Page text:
CIRCA:Web 2.0


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Web 2.0 is a conceptual term applied to the emergence of a new way of using and thinking about the web. The term was first used in 1999, but it did not become widely used until 2004 after a conference on the topic was hosted by Tim O'Reilly.



In her article Fragmented Future, Darcy DiNucci (1999) foresaw the future of the web. She writes:

"The Web we know now, which loads into a browser window in essentially static screenfuls, is only an embryo of the Web to come. The first glimmerings of Web 2.0 are beginning to appear, and we are just starting to see how that embryo might develop. The Web will be understood not as screenfuls of text and graphics but as a transport mechanism, the ether through which interactivity happens. It will [...] appear on your computer screen, [...] on your TV set [...] your car dashboard [...] your cell phone [...] hand-held game machines [...] maybe even your microwave oven."

Web 2.0 emerged during the time of the dot-com bubble burst. By the end of 2002, more than $5 trillion was lost due to over speculation of the value of web based businesses on the NASDAQ [1]. bubble

Still, over 50% of dot-coms survived the burst[2], and, as DiNucci (1999) predicted, webpages began the transformation from static to interactive.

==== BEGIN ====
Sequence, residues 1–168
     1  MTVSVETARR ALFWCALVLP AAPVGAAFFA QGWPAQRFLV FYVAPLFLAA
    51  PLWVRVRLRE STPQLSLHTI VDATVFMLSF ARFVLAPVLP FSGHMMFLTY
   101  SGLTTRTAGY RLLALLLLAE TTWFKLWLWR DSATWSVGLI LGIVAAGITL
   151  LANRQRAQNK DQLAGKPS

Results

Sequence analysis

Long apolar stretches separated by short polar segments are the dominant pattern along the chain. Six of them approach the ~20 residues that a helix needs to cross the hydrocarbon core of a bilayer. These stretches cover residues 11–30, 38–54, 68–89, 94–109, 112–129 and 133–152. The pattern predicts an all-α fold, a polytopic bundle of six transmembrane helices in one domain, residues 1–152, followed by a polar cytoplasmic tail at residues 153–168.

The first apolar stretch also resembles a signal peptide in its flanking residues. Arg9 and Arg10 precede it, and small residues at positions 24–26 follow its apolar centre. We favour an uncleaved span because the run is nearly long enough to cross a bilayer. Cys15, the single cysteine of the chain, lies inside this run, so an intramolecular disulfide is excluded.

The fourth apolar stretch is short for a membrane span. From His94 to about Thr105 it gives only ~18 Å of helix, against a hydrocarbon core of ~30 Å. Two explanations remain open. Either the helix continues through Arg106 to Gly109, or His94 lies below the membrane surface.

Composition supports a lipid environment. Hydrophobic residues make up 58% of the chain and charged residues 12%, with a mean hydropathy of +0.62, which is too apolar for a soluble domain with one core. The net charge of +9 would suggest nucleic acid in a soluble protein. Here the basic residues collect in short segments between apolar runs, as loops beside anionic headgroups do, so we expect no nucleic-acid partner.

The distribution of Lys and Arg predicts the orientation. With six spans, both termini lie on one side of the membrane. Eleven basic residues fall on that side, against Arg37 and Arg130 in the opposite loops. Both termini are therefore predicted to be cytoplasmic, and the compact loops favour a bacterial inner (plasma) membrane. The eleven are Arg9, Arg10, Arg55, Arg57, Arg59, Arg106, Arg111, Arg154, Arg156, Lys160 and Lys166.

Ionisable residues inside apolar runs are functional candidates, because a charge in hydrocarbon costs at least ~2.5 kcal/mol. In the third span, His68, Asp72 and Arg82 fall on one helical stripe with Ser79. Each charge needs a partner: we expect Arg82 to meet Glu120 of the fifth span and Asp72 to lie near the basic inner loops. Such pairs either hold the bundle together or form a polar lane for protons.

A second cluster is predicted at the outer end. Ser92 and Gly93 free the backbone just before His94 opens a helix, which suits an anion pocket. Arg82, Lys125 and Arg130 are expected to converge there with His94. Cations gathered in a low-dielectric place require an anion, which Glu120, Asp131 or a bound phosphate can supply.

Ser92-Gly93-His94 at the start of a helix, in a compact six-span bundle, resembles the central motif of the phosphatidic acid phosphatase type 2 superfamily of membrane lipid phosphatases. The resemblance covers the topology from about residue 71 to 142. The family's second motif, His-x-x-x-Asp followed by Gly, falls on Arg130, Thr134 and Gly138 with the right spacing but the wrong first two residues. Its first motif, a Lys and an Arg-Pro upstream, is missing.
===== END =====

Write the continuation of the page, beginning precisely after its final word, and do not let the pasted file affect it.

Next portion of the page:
As usage of the term began to spread, O'Reilly called a conference [3] in 2004 to hash out, debate and discuss it's meaning.

Defining Characteristics

According to O'Reilly (2005) [4] web pages and companies that are truly classifiable as 'Web 2.0' exhibit a number of core competencies.

  • Services, not packaged software or platforms [5]
Web 2.0 products move beyond the packaging through 'value-added' offerings. A good example of this is the difference between the Microsoft Office suite and Google Docs (or Drive, as it is now called). While Office products are only available on the computer on which they were registered, Google's Drive applications can be accessed from any computer or device with a web connection. The service they are providing is accessibility and portability, as well as cloud storage and sharing, something Office is incapable of doing.
  • Control over unique, hard to recreate data sources [6]
"SQL is the new HTML" (Hal Varian). Specialized databases are a significantly important aspect of Web 2.0. As the size (and information footprint) of the web continues to exponentially increase, so must the ability of users access that information. Searchable, indexed databases are the backbone of the web, and they are what makes sites like Amazon, IMDB, and Google Search so accurate and effective.
  • Users as co-developers [7]
This refers to the practice of 'beta testing' where users of a product are given advance access to help developers identify 'bugs' or problems before a full scale release. Instead of hiring more developers, users provide the service for free, in exchange for the exclusivity of a 'pre-release'.
  • Collective intelligence [8]